With Michigan becoming a political battleground in the 2012 election, President Obama gave a speech at an auto plant, and brought South Korea’s President with him to the Wolverine State. The free trade agreement Congress passed opens up business with our neighbors to the east and both president’s gave a speech at the plant explaining how the new trade deal will benefit both countries. But wait, I thought American manufacturers were hesitant about free trade agreements because they don’t want to lose their jobs? It turns out American’s are much more sensible than that.
In a story published in the Birgmingham Patch, the United Auto Workers local leader Louis Rocha said many of the plants employees were excited to see the President, and when it comes to the new trade agreement; “This is supposed to bring some more jobs here back to the country. … There’s a lot of good opportunity for growth here in Michigan.” Autoworkers have good reason to trust Obama, they won’t forget the auto bailout that saved thousands of jobs which helped today’s auto industry to thrive.
In January USA Today and Gallup asked Americans if they favor approving a free trade agreement with South Korea, and 41 percent were in favor while just 22 percent were opposed. While there have been many stories about factories closing because the companies decided to export those jobs to China, the International Trade Administration reported that U.S. “exports rebounded to near-2008 levels and contributed significantly to the United States’ overall economic recovery. U.S. exports of goods and services totaled $1.83 trillion, supporting millions of jobs.” Many Americans have felt this impact by understanding the cars they are building are sent abroad, and that the company they work for may make things in Asia but sell the items in North America.
You can give credit to Eminem, or maybe it is because their sports teams are doing well, but economists will tell you Detroit is doing well because of their ability to export their products. All three major auto industries have revamped their product lines and are reporting strong sale records. While the unemployment rate is still one of the highest in the nation, the good news is a recent report showed that jobs are coming back to Michigan and more jobs are available today than in 2009 when economists said the state hit rock bottom. But the question remains if Obama can show the American people they are better off with him than without him.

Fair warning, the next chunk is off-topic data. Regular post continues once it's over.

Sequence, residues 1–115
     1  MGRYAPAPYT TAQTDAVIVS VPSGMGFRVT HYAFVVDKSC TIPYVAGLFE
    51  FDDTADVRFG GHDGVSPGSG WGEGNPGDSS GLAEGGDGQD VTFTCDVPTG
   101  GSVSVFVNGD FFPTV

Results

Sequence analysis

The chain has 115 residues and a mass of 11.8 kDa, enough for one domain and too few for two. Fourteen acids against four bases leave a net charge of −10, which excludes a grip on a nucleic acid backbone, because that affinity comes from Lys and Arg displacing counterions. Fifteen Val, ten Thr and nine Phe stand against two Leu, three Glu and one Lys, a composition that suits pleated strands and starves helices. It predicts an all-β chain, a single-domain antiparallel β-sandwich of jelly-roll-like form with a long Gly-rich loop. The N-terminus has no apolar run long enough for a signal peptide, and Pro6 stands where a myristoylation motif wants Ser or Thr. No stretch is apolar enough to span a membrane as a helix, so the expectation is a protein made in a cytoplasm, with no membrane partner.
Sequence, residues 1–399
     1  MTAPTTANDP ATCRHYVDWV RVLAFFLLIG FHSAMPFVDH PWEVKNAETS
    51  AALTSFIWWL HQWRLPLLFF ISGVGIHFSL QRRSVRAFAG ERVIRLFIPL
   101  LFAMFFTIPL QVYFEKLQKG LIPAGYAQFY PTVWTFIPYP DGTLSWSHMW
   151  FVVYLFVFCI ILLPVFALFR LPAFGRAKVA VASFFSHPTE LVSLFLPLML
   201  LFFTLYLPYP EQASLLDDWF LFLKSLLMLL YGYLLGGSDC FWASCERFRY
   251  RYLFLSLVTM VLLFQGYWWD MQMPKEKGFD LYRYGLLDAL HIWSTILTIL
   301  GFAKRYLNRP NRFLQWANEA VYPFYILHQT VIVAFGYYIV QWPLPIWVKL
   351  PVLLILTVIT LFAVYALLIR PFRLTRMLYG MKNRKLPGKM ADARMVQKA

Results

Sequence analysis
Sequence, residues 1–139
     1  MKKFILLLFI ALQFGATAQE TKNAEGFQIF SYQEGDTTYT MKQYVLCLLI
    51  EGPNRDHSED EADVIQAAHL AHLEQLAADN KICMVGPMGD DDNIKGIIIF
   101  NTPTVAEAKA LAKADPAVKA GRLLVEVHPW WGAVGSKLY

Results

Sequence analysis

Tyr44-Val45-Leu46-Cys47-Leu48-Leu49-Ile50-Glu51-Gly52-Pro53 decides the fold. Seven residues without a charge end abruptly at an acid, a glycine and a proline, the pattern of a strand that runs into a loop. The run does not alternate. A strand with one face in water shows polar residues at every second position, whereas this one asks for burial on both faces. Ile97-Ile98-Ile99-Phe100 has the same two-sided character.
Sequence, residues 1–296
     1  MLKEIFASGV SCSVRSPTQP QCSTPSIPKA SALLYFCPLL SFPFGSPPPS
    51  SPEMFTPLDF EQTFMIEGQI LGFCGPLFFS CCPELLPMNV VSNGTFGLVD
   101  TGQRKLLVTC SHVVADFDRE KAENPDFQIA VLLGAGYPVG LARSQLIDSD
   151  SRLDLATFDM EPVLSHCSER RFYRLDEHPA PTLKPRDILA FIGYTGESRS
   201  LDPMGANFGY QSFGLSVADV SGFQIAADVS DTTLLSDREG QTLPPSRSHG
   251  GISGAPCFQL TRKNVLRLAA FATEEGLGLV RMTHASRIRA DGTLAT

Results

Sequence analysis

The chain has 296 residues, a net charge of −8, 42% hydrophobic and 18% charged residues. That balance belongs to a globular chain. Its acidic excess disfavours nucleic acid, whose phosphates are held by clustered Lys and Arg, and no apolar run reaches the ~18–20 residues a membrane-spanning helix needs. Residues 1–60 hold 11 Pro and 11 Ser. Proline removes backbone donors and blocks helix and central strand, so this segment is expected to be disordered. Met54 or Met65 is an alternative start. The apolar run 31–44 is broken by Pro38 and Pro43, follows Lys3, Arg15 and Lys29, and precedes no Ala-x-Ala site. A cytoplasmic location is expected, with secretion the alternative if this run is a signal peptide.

This is obviously going to be a tough sell. With unemployment hovering around 9 percent and U.S. GDP barely in positive numbers, many families are still struggling and want a different direction. Both Obama and now Senate Republicans have offered jobs plans that will go nowhere. But in this climate it looks like it is better to have plan then not. When Rick Perry said he would unveil his jobs plan in the last debate he got hammered. Even while policy wonks have been analyzing Herman Cain’s and Mitt Romney’s jobs plan, and pointing out its flaws, they still seem more prepared and ready to take the helm than the other candidates.
Obama also has a basic economic problem. Just because the auto industry is doing well does not mean the rest of the economy will start to roll again. That means the people who do not have the skills to work for Ford can still fall behind. This obviously is not Obama’s fault but he could take the blame for it. In the mean time he should be calling to put more money into Research and Development, allow colleges to start programs that will train people to enter new areas of industry, and despite the Solyndra scandal put money into companies that will help America continue to be a leading producer in the world. Some of these policies have already taken place such as with battery powered cars and increasing broad band accessibility.
None of the candidates are going to be able to prove one way or the other if their plan will actually work. While acknowledging more work still needs to be done the auto industry is one area Obama can tell a success story. Conservatives will argue that it has no chance of passing Congress (which it doesn’t), but when was the last time getting anything through Congress was easy?
The polls currently show a close race between the President in head to head competitions between some of the GOP candidates. As Obama is making the political rounds I can’t remember the last time he invoked any of his possible challenger’s names. The election is still a long time from now and the way Obama will be forced to defend his record will determine whether he will win or lose.